Tai Chi, or Tai Chi Chuan, is a traditional Chinese exercise that has been around for some 2000 years. It combines deep breathing and relaxation with a series of postures that flow smoothly from one to the next while using only slow, gentle, graceful movements.
Only recently has it been the subject of scientific study, with the result that Tai Chi does appear to offer numerous health benefits-from better balance and flexibility to less anxiety and depression.
Researchers at UCLA have discover-ed that doing Tai Chi can promote better sleep compared with attending health-education classes that include advice on stress management, diet and sleep habits. After 25 weeks, patients in the Tai Chi group reported greater improvements in self-rated sleep quality compared with the health-education group. Also, it appeared that the amount of benefit with Tai Chi was comparable to that with drugs, with better sleep efficiency and duration, as well as sleep quality-and no adverse side-effects (Sleep, 2008; 31: 1001-8).
These results mirror those of a previous study that compared Tai Chi with low-impact exercise. Those doing Tai Chi were more likely to improve their sleep quality compared with those doing the low-impact exercise(J Am Geriatr Soc, 2004; 52: 892-900).
However, the benefits of Tai Chi go far beyond a good night's sleep. It isa promising form of exercise for improving balance and preventing falls, a major cause of injury and even death in older people (BMC Geriatr, 2006; 6: 6). Indeed, it has been shown to improve the characteristics in older adults that place them at increased risk of falls such as poor balance, loss of strength, limited flexibility and fear of falling (Med Sport Sci, 2008; 52: 124-34). Eight to 16 weeks of Tai Chi training improved balance, flexibility and heart health (Arch Intern Med, 2004; 164: 493-501), and reduced the risk of multiple falls by nearly half (J Am Geriatr Soc, 1996; 44: 489-97).
Besides promoting better physical fitness and sleep, Tai Chi may also be useful for patients with musculo-skeletal diseases such as arthritis. One randomized, controlled trial reported that 12 weeks of Sun-style Tai Chi significantly improved joint symptoms, balance and physical functioning in women with osteoarthritis (J Rheumatol, 2003; 30: 2039-44).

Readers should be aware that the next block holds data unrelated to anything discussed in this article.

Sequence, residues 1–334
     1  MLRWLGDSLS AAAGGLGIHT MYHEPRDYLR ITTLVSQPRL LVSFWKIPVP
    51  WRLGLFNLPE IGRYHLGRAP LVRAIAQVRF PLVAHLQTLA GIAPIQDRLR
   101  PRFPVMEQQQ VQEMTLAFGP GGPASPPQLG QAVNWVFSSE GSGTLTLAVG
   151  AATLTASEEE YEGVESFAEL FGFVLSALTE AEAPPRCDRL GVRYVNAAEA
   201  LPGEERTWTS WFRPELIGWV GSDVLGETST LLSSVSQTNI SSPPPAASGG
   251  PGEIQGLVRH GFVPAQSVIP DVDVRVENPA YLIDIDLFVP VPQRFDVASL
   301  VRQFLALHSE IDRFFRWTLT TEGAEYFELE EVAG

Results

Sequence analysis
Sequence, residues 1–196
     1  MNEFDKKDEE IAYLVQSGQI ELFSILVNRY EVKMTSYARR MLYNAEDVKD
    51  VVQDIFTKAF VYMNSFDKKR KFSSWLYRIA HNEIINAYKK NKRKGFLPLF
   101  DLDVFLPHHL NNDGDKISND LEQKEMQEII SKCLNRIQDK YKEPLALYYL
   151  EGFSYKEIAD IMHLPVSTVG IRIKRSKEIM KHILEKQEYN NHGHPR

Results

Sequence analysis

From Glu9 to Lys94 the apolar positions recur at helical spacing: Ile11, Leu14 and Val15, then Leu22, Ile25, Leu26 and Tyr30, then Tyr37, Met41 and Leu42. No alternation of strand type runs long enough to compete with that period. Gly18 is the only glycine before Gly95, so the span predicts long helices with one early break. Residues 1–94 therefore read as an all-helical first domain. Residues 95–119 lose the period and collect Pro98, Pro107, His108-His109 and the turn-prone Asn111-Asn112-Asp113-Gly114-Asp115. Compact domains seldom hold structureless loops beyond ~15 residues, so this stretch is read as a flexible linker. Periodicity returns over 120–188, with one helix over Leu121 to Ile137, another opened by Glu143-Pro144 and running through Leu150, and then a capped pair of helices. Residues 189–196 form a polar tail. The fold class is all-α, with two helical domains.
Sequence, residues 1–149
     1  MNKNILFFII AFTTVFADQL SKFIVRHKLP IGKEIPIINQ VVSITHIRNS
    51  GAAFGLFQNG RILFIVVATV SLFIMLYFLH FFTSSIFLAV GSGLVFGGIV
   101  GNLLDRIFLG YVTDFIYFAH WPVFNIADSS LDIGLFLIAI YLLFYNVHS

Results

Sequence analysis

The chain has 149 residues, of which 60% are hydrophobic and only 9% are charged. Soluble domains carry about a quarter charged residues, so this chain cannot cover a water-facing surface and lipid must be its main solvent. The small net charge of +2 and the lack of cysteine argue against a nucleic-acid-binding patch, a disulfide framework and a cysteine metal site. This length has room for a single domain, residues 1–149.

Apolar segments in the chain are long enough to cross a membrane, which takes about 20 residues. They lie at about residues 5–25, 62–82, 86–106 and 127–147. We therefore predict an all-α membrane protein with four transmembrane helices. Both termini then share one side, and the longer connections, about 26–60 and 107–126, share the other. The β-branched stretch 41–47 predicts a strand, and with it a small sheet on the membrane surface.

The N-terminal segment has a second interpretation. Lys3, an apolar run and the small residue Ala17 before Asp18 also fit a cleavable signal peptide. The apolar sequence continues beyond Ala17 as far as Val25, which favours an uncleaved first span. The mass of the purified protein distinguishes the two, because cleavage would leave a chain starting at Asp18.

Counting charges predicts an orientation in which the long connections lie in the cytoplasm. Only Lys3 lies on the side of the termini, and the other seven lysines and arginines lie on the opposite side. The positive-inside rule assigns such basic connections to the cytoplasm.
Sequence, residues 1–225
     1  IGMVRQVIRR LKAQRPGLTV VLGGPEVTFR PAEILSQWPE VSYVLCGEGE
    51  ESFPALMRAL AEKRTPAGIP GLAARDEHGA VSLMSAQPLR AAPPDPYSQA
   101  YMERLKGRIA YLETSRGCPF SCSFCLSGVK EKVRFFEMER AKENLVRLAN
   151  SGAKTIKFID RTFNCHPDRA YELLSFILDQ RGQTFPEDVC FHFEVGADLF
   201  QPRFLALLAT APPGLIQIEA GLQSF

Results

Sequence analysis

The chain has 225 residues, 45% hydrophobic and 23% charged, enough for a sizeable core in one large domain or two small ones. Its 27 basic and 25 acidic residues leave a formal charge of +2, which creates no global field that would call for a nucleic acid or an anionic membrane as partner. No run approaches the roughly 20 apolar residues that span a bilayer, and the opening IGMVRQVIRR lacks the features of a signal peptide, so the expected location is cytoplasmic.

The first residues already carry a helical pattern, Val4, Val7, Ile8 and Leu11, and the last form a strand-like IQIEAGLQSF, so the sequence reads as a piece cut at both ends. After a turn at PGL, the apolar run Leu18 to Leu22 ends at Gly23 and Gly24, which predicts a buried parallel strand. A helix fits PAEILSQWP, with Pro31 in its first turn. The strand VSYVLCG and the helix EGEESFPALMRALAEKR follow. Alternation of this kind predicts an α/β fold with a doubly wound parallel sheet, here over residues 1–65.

Another osteoarthritis study found that Tai Chi relieved joint pain and stiffness as well as promoted positive behaviours such as a healthier diet and better stress management (Taehan Kanho Hakhoe Chi, 2007; 37: 249-56).
In patients with rheumatoid arthritis, Tai Chi led to improvements in disability, quality of life, depression and mood (Med Sport Sci, 2008; 52: 218-29; Rheumatology [Oxford], 2007; 46: 1648-51). It was also able to slow bone loss (Arch Phys Med Rehabil, 2007; 88: 673-80), suggesting that it may be useful for osteoporosis.
Other research suggests that Tai Chi may even help cancer survivors. In a recent study by scientists from the James P. Wilmot Cancer Center in Rochester, NY, breast-cancer survivors practising Tai Chi experienced signif-icant improvements in quality of life compared with those receiving only psychosocial support therapy. The Tai Chi group also showed better aerobic capacity, muscle strength and flexi-bility (Med Sport Sci, 2008; 52: 209-17).
However, it's not clear whether or not it is Tai Chi per se that brings about these effects or simply any type of exercise, so more research is currently underway on this topic (see http:// clinicaltrials.gov/ct2/show/NCT00246818). Nevertheless, according to one review, it may be the combination of meditation and aerobic exercise that makes Tai Chi especially beneficial for cancer survivors (Integr Cancer Ther, 2006; 5: 192-201).
Other chronic conditions that have responded positively to Tai Chi in scientific studies include high blood pressure (Prev Cardiol, 2008; 11: 82-9), type 2 diabetes (Med Sport Sci, 2008; 52: 230-8), fibromyalgia (Orthop Nurs, 2003; 22: 353-60), multiple sclerosis (Altern Ther Health Med, 1999; 5: 70-4) and tension headaches (Evid Based Complement Alternat Med, 2007; 4: 107-13). Tai Chi may also reduce stress and anxiety, boost immunity, and improve cardiovascular and respiratory health (Arch Intern Med, 2004; 164: 493-501).
These findings show that you don't have to exercise hard and fast to achieve significant benefits. In fact, this gentle, low-intensity form of exercise appears to be an effective way to improve both your body and mind.
How does Tai Chi work?
Tai Chi is based on the traditional Chinese concept that all disease stems from an imbalance of qi (chi, prana or vital energy), which is said to flow through the body along invisible pathways called 'meridians'. We are in good health when qi flows freely, but symptoms such as headaches, anxiety, high blood pressure and fatigue are signs that energy flow is congested. Tai Chi is one of a number of means of restoring or enhancing the balanced flow of qi through the body's meridians. Other techniques include acupuncture, reiki and Chi Gong.